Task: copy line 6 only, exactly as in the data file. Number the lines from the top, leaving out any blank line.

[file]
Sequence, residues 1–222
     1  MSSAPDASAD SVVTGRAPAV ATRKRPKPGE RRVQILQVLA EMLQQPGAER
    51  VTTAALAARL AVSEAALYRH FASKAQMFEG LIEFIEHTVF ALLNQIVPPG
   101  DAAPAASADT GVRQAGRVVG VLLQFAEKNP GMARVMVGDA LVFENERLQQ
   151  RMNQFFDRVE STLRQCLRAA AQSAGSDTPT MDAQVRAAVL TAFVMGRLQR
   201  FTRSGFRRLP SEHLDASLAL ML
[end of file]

   201  FTRSGFRRLP SEHLDASLAL ML